When I finally do get my own horse I will be sure to have a saddle fitter out. I would have no problem replacing the Dover if that's best, as I've learned I could use something better for myself anyway (narrower, more forward flap, for starters).

If you noticed, I was talking about my "current" saddle. My first one was none other than a Crosby PDN, purchased well-used in 1988. I still remember how beyond thrilled I was when I saw it for sale on a flyer hanging up after the 4-H show at the Ohio State Fair. I couldn't believe it - my dream saddle, in my size, for $75! The ironic part was I wasn't even riding then, but I didn't care (and I also didn't really have the $75, being right out of college and living on my own). I drove two hours away to pick it up and was so excited that I actually pulled over at a rest stop to hang the thing on a guard rail and sit in it. Lord knows what passing motorists thought I was doing.

Another 11 years went by before I had the opportunity to ride in this saddle. It was now 1999, and you know where this is going... much to my dismay, flat saddles were largely gone from the H/J world. Everyone had padded knee rolls again. My rock-hard, needed-reflocking, slippery PDN was not only not in fashion, it revealed itself to be mighty uncomfortable. I had never noticed when I was a kid but I sure did as an adult! It had to go... hence the search that resulted in the Circuit Elite. I looked for a used saddle to no avail, as I would have liked something already broken in.

The longed-for Crosby is now adorning a display shelf in my bedroom. I know some people still love them, and I'm sure I could sell it to one of them or a person just starting out in English riding, but for now it's merely a decoration:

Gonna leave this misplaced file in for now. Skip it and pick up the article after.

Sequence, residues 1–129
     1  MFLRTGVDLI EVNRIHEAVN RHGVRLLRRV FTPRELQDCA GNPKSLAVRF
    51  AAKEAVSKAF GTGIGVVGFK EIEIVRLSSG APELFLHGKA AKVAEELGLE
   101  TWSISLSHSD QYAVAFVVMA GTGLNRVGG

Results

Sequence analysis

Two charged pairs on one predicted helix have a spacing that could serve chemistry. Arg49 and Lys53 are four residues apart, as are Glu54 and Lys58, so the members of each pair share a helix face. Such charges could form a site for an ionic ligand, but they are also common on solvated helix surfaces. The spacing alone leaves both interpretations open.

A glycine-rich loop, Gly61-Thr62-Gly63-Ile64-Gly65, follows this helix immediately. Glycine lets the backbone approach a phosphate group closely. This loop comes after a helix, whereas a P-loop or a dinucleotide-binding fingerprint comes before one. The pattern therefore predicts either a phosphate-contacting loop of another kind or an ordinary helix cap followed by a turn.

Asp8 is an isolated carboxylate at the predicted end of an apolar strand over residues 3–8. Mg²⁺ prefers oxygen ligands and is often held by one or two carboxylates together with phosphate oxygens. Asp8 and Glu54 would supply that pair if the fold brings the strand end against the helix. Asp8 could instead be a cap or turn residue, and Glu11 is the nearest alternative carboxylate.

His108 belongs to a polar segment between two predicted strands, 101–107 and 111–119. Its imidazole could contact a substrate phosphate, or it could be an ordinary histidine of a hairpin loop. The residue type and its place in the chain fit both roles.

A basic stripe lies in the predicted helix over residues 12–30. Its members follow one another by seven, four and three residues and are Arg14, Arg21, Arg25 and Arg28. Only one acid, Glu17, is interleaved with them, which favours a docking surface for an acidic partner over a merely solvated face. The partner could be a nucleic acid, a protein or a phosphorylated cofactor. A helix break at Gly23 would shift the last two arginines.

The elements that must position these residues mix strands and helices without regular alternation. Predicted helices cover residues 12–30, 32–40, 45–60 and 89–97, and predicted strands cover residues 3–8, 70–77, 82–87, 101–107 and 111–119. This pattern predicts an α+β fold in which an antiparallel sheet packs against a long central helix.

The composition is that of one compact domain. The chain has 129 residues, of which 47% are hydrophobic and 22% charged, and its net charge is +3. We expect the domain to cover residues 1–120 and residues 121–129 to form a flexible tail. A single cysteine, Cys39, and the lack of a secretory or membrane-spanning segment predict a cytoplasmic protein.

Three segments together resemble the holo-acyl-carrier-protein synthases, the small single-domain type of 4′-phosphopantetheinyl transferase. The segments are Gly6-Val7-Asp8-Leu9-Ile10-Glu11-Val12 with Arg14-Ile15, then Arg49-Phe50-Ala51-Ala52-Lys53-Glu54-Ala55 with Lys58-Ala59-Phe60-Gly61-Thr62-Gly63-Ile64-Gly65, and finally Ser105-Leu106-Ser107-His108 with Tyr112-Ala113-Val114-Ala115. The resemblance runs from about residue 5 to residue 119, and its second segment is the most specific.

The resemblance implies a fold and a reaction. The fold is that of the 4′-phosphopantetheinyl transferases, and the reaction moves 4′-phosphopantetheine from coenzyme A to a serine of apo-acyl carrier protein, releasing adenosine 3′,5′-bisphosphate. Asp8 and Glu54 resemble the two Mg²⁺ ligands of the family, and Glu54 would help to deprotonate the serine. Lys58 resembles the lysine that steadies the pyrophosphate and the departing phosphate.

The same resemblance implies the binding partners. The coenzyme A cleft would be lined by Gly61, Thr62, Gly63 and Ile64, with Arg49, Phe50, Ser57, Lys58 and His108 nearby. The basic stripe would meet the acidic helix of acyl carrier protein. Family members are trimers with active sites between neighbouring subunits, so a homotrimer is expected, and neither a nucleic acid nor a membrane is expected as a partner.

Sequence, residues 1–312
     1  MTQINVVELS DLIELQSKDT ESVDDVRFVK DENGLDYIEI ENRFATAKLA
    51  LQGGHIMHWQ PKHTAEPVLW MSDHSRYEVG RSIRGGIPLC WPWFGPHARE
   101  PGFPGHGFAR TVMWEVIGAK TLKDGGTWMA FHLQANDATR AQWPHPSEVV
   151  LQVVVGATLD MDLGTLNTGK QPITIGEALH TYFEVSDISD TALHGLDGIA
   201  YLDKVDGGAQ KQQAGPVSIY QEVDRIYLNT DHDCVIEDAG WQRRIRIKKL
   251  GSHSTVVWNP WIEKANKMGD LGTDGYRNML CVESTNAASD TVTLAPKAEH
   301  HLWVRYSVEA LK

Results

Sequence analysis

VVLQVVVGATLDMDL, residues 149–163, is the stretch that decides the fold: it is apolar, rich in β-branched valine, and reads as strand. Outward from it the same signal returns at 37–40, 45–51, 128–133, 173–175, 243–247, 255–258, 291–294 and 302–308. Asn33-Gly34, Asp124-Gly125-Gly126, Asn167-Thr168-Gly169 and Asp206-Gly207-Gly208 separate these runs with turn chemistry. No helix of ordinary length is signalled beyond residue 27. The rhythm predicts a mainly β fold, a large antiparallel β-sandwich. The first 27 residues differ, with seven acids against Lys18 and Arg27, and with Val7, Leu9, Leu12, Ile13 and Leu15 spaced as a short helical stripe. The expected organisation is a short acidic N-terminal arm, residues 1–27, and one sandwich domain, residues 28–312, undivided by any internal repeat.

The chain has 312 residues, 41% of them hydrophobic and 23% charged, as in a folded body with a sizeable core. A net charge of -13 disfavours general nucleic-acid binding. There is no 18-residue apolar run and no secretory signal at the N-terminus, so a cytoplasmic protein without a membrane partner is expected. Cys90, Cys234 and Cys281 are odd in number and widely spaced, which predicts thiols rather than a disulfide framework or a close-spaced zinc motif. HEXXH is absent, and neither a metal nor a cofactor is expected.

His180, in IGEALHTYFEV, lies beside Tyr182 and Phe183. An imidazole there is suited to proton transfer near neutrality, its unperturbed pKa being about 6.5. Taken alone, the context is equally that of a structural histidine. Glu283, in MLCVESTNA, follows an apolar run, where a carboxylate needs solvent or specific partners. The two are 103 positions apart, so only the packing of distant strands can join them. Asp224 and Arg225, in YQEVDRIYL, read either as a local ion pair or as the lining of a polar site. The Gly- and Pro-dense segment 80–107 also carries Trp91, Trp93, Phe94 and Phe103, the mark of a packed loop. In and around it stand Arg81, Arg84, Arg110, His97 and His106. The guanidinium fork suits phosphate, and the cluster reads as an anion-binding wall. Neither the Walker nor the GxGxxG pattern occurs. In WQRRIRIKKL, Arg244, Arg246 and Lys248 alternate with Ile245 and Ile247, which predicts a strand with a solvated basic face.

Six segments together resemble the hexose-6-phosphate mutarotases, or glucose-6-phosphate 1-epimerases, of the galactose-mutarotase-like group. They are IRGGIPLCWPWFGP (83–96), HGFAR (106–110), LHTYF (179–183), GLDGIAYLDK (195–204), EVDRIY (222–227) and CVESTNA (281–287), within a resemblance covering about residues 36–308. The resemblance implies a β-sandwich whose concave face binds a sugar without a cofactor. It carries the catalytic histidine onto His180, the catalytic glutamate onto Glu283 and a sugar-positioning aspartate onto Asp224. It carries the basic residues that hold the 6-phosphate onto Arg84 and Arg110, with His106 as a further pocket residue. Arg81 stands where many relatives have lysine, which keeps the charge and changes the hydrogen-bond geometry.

I have published glimpses of this display shelf before. Coming soon: a post where I explain everything up there! And, I told you the panels need restuffing... ugh.
Of course nowadays the most popular models are nothing less than pillowy mock-couches - I'd love to see some of these Junior riders get around a 3'6" course in that old PDN, wouldn't you? ;-)


  1. Got your comment on my blog! Small world that you know my cousin Lou!! I also had a PDN growing up, they were ALL the rage but I do love my comfy Delgrange these days. Looking forward to following along with your blog.

  2. Yeah, how about that! :-) Lou and I were cracking up. I mean, there are a LOT of us horsey bloggers, so when he told me the name of yours I couldn't believe it was one I actually read.
    Thanks for dropping in here!

    I've written other posts that mention my childhood barn, Tricorne Farm. It sure was wonderful growing up in such horsey country... Nobody out here in the Midwest believes NJ is horsey, but wouldn't I just love to run them out to Hunterdon county, or Gladstone, or Colt's Neck which of course is the center of horse country in Monmouth now. Alas, Tricorne and what was my teenage years barn are both now housing developments. (I'm planning to write about the other barn soon - it's quite a story)

    I'm insanely jealous of your beautiful Tucker, and glad you guys are out there promoting NJ equestrianism!